Workshop on Artificial Intelligence & Design (AIDE 2015) Call for Papers

Design is a fundamental activity in disciplines like engineering and architecture as well as in emerging areas of the social and life sciences.

The need for design rests on an assumption: We can improve (positively or negatively) our products, environment, personal or social life by consciously modifying different things like objects, processes, relationships. Modern design approaches, i.e., the methodological planning of what to change and how in order to obtain a certain result turned out to be successful and, as a consequence, the world that we inhabit is increasingly a designed rather than a natural one. In this sense, we could even say that we live an "artificial" world. Design is a fundamental step preceding most of our manipulation activities like manufacturing, production, construction and implementation. Design research aims to develop an understanding of designing both as a theory and as an activity, and to produce models that can be used to aid design and to improve its efficacy.

Design research can be carried out in a variety of ways. For instance, it can be viewed largely as an empirical endeavor in which experiments are designed and performed in order to test some hypothesis about some phenomenon or behavior. This is the approach adopted in cognitive science. The results of such research can form the basis of a computational model. In a second view, design research is carried out by positing principles (perhaps in terms of formal axioms) and then deriving consequences from them. If the axioms can be mapped onto design situations then the consequences will also characterize those situations. This is the approach adopted in mathematics and logic. A third view, and the most common one in the computational domain, is that design research can be carried out by conjecturing design processes, constructing computational models of those processes and then examining the behaviors of the resulting computational systems. These are just three important approaches for design research and, it is well known, Artificial Intelligence (AI) extensively exploits all three of them. We believe it is time to understand better the links between design and AI, what are today's successful stories of their integration, and what one research area can further offer to the other.

The AIDE workshop aims at providing a forum for researchers and practitioners interested in the interplay between AI and design via the presentation and discussion of state-of-the-art and cutting edge research and developments of material that integrate these two areas.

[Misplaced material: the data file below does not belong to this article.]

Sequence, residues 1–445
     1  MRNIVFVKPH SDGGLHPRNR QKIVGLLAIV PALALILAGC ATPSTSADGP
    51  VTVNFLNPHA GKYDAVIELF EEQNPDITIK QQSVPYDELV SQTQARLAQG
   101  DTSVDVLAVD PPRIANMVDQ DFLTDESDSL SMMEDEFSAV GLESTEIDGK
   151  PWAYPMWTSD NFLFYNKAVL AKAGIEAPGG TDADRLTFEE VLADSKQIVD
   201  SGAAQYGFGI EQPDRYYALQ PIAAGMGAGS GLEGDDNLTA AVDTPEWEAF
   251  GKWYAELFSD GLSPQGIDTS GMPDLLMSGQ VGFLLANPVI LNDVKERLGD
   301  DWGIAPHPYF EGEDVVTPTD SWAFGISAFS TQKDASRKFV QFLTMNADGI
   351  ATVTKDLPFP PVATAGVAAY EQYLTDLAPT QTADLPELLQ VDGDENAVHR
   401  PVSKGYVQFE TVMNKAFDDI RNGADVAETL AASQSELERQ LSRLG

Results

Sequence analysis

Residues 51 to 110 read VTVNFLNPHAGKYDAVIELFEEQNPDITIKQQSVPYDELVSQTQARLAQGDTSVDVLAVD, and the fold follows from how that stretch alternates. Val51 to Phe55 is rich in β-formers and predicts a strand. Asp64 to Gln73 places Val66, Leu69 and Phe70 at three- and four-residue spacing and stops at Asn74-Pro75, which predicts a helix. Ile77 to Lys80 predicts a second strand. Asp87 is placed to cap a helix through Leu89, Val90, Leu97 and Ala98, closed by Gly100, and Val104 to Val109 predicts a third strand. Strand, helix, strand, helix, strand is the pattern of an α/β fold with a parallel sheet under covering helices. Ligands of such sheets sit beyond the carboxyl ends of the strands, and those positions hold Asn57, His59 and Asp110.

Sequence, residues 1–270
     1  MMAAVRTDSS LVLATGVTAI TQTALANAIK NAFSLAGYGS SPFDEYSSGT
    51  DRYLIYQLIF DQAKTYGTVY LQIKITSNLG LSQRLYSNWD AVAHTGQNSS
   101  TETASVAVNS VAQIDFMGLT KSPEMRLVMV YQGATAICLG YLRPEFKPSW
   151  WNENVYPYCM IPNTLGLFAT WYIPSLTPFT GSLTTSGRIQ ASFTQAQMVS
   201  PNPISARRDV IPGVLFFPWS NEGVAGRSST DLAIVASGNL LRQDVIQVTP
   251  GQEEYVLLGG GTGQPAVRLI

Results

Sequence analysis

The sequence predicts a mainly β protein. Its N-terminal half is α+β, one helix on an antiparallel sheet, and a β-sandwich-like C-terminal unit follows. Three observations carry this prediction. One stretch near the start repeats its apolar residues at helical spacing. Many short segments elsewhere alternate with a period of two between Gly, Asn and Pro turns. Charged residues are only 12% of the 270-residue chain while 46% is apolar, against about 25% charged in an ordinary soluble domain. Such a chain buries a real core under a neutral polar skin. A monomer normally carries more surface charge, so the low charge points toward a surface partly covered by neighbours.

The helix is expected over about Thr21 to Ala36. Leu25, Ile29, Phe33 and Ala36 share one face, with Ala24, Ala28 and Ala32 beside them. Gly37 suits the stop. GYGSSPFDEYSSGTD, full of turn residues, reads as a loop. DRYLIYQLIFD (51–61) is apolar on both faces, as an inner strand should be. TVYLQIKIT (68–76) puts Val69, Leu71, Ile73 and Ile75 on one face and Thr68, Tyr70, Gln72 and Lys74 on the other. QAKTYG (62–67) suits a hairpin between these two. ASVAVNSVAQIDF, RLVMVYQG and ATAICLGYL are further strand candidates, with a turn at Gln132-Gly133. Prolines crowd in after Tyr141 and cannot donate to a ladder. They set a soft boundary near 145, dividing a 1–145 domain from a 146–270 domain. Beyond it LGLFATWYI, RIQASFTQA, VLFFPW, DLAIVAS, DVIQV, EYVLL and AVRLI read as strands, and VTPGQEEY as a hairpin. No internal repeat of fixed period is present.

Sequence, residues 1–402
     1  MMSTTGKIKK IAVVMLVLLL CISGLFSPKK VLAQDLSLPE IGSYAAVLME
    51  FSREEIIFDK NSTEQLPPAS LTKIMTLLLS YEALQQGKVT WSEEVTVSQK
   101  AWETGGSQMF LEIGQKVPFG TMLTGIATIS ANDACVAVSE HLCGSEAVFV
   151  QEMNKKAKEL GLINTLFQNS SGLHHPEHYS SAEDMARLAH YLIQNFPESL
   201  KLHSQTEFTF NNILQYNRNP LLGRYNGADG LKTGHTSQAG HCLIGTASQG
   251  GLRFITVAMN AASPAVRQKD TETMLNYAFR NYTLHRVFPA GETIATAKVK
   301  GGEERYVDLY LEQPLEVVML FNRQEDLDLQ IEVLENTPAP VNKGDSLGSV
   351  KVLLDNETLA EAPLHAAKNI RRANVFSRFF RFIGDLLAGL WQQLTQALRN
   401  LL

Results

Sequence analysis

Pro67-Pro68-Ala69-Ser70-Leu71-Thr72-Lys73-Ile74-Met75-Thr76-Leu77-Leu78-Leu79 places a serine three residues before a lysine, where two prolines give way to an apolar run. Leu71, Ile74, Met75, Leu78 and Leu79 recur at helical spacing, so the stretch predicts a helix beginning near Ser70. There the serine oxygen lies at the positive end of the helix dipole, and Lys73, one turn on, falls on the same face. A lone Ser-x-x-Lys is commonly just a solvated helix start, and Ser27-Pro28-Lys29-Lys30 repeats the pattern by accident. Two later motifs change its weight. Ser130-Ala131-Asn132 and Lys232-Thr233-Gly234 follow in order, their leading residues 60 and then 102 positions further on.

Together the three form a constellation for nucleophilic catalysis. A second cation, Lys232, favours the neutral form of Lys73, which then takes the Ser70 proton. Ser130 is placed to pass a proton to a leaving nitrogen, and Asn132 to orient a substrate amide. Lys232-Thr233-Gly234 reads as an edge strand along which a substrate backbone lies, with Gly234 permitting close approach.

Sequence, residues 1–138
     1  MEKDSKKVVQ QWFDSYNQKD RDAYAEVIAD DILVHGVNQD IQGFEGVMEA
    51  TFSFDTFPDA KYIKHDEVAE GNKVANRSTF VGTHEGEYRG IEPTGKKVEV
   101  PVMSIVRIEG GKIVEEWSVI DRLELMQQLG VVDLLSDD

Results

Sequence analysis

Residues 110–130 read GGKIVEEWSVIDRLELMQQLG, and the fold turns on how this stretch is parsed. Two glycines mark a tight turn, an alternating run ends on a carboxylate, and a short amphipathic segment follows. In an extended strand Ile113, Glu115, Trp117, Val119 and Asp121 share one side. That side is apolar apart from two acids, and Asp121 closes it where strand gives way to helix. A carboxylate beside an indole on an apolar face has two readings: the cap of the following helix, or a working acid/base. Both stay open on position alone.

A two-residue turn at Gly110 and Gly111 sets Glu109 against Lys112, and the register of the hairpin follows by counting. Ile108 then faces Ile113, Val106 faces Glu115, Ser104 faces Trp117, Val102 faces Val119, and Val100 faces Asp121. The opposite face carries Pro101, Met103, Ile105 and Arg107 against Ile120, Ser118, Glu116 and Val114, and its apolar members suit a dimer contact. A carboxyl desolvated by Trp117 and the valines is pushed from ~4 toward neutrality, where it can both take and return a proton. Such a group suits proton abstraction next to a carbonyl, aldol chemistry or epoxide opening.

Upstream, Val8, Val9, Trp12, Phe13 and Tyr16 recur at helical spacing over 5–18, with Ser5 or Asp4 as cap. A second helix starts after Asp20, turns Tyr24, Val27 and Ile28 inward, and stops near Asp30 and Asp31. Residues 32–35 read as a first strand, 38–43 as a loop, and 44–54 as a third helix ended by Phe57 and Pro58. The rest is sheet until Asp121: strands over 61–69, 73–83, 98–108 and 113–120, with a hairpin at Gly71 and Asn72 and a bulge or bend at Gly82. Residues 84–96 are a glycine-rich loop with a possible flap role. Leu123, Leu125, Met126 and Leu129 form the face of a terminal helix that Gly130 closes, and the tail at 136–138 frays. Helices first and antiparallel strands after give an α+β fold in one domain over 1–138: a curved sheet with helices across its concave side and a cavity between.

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Topics of Interest

Contributions of interest to the workshop are those describing AI approaches that are needed, under development or being explored for design activities in a variety of domains such as:

  • Architecture design
  • Engineering design
  • Geodesign
  • Environmental design
  • Product design
  • Software design
  • Urban and regional planning
  • Design for visual and auditory digital media (e.g., music, film, animation, entertainment)

The organizers encourage also the submission of interdisciplinary research across these and related domains where design plays a central role.

Submission Instructions

We solicit three kinds of contributions:

  • full papers (max 12 pages)
  • short papers (max 6 pages)
  • demo papers (max 3 pages).

Full papers are intended to describe original research. Short papers are suitable for presenting work in progress, even if not yet mature for publication, summaries of PhD Theses, overviews of research projects, positions on some topic, and already published work. Demo papers are intended to describe software systems and prototypes developed as part of academic or industrial projects, using AI tools and/or techniques, which will be presented at the workshop.

Papers of the three kinds will be peer-reviewed by at least 3 members of the program committee. Selection will be based on relevance, clarity, and technical quality.

Papers should be formatted according to the LNCS format (please refer to this page for instructions) and submitted as PDF files via EasyChair at this page.

Accepted papers will be published online as a volume of the CEUR-WS workshop proceeding series. We also intend to organize a journal special issue with a selection of the best papers presented at the workshop.

Important Dates

Submission Deadline: June 12th, 2015 extended to June 19th, 2015
Acceptance Notification: July 19th, 2015
Camera Ready: July 26th, 2015
Early Registration: July 31st, 2015 extended to August 7th, 2015
Workshop Day: September 22nd, 2015

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Organising Committee

Stefano Borgo
Laboratory for Applied Ontology, ISTC CNR, Trento

Domenico Camarda
Department of Civil Engineering - DICATECh, Politecnico of Bari

Francesca A. Lisi (contact person)
Department of Computer Science, University of Bari “Aldo Moro”